McLain seeks out opportunities to contribute time and leadership
Written by Melissa Gerrish Photo by Steve Babin
Scott McLain is a member of the Huntsville community who believes in contributing his time and working hard on initiatives to make Huntsville a better place. Although busy with a lively commercial real estate brokerage and management business, McLain also is active in the community, state, and nation on a great many boards, foundations, and councils.
HBJ: Are you a native of Huntsville?
SM: I call myself a “native by memory,” meaning I don’t remember living anywhere else. I was born in Montgomery when my father was in the Air Force Reserve, just before he attended the University of Alabama Law School. My parents moved to Huntsville in 1959 where my mother taught school and ultimately became assistant administrator at Huntsville Hospital and later mayor of Mooresville. My late father, Gene McLain practiced law for more than a decade, then served in the Alabama House of Representatives and Senate before running for governor in 1974. He started a commercial real estate business the same year.
HBJ: What is your educational background?
SM: I attended Huntsville City Schools and graduated from Huntsville High where I was president of the Student Council. I then attended Tulane University and later Duke University where I graduated with a degree in Public Policy Studies. Following college, I attended and graduated from Cumberland School of Law in Birmingham, afterwards clerking for a federal judge for a year and then practicing law in Huntsville for two more years.
In 1974, I joined my father in what is now Coldwell Banker Commercial McLain Real Estate, full service commercial real estate firm. After a number of years, however, I longed to be in the classroom again and completed the Harvard University Graduate School of Design Advanced Management Development Program. I also served on the Alumni Council there for nine years.
HBJ: What philanthropic projects are dear to you and why?
SM: After joining my father, I started an active volunteer career as well. I have taken this service to heart and have served on nearly seventy boards since returning to Huntsville from law school, serving as chair of many of them.
I am proud to have served on each board, but my education service is especially important to me – having served as a long-time member and former chair of The Schools Foundation and also as founding member of the A+ Foundation, a statewide education support organization. I am an education junkie, I guess. Any problem we face, we can address with education. Education is the answer to every problem.
I have also enjoyed service on the Museum Board of the City of Huntsville, where I served as chair of the board when the new museum was built in Big Spring Park. At the time the location of the building was somewhat controversial but as an urban planner by study, I helped the community understand that a museum is about the only building that a community should put in a park. The Museum is now a focal point for activities in Big Spring Park.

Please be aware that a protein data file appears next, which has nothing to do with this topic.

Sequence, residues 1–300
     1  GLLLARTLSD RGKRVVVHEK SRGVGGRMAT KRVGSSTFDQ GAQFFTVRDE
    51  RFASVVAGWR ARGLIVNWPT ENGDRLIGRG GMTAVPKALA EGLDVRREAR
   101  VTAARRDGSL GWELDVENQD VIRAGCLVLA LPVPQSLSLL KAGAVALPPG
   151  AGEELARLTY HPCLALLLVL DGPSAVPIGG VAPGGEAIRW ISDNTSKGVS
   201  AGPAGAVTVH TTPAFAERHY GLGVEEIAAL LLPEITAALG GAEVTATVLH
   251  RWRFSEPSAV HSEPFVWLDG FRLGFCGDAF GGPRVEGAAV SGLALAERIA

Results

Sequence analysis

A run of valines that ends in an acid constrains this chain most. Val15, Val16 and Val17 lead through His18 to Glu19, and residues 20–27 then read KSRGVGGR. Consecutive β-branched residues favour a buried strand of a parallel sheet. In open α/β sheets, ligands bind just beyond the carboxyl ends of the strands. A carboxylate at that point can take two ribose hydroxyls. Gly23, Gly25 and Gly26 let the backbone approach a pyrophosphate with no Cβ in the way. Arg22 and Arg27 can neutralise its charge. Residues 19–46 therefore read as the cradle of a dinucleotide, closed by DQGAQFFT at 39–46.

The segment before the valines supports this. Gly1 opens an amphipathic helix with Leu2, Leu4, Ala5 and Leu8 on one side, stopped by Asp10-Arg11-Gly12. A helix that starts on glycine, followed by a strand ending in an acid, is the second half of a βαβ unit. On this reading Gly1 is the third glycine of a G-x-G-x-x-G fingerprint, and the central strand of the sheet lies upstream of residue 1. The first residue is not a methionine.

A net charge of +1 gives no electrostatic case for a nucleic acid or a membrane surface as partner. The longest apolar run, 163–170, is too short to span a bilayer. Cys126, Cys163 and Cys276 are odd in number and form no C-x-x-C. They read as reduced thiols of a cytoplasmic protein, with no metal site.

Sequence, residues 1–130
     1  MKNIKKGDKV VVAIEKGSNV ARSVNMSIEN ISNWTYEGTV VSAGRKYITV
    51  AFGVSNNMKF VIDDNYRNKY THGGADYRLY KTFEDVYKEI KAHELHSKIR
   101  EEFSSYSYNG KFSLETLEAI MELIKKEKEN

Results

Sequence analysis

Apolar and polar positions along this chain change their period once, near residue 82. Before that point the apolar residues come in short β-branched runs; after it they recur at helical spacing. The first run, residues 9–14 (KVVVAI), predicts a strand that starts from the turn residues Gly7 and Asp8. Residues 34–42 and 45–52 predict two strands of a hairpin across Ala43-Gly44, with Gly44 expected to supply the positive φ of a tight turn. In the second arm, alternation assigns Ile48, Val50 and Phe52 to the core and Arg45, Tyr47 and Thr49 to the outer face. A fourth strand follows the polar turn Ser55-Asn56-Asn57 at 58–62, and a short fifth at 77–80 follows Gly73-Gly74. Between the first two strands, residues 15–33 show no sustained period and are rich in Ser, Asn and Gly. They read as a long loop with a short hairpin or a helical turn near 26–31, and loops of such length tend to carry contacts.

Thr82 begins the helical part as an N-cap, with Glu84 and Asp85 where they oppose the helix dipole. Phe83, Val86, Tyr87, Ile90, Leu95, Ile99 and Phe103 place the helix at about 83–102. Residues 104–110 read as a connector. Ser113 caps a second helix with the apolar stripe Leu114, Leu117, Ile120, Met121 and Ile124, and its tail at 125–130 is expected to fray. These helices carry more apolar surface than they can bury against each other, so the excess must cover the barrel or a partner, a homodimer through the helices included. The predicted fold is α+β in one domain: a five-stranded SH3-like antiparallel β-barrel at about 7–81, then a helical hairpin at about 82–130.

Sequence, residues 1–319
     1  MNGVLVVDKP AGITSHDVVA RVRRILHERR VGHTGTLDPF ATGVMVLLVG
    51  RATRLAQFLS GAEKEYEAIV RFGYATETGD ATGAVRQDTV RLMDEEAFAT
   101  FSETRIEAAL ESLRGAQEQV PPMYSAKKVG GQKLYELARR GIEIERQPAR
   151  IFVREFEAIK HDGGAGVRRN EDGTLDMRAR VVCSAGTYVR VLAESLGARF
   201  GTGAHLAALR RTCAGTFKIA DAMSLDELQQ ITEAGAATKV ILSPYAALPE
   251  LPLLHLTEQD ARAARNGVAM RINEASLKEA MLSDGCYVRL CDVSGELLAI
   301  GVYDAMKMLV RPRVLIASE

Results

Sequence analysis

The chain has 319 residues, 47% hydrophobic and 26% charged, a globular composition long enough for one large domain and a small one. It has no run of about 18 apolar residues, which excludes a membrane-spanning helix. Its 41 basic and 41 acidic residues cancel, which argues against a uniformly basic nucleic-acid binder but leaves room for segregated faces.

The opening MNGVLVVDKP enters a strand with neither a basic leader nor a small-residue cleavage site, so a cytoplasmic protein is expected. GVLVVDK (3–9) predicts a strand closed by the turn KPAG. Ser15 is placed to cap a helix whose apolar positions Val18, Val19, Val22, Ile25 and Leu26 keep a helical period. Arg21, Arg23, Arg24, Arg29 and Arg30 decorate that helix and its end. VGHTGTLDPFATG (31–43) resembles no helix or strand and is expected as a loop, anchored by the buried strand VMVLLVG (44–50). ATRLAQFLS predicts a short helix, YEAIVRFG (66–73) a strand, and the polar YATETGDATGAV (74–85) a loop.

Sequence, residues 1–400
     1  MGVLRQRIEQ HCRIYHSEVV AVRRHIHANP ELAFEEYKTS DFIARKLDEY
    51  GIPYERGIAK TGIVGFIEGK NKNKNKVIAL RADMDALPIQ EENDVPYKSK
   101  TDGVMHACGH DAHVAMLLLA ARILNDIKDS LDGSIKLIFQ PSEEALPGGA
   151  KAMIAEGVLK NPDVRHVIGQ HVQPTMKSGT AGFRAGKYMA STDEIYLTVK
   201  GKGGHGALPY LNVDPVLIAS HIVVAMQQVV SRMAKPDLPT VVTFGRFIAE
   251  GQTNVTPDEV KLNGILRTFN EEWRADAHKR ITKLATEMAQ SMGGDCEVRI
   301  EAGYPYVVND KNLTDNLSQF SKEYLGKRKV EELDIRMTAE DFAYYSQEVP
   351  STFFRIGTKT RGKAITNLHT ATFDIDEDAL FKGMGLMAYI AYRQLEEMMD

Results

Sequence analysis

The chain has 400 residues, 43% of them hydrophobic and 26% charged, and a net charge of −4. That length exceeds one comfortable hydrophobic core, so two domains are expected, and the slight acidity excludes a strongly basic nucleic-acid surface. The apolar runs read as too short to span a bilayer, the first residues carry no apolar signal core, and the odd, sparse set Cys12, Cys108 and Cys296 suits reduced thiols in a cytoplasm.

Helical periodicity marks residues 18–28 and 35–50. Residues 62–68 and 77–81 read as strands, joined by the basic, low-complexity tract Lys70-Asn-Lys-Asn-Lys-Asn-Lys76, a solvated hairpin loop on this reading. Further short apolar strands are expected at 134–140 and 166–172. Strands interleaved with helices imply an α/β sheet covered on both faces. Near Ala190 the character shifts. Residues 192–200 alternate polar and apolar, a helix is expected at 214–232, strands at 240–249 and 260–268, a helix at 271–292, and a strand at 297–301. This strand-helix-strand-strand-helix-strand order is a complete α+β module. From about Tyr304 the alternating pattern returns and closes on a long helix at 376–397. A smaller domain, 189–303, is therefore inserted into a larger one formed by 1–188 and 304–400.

I enjoy statewide service as board member of PARCA, the Public Affairs Research Council of Alabama, the state’s only good government think tank. Leadership Alabama is also important. I have been enthusiastic for the program, and am a graduate of Class 1, and served on the board several times since.
There are dozens of other board and committees, including charitable and health and community and education and leadership, on which I serve or have served. These efforts are not at the expense of time or a diversion from family or work, but rather are rich opportunities to contribute time, funds, and leadership to ensure that Huntsville is the great community in which we all want to live. I am honored when I serve on a board. That board is inviting me to share my skills and knowledge and leadership for its important mission. My time and energy there are worthy ways for me to help and sustain our community. Huntsville is better when we all contribute to the causes that are so important to this community.
I have no intention of retiring from this service any time soon. I have more than once put myself in “time out” for a year so that I can return to serve fresh tenure and start the process again.
HBJ: Tell about your family.
SM: I have been married to Yolanda McLain for twenty years and between us we have six children. All adults now, five daughters remain living and proudly serve in volunteer capacities in their circles. We live in southeast Huntsville.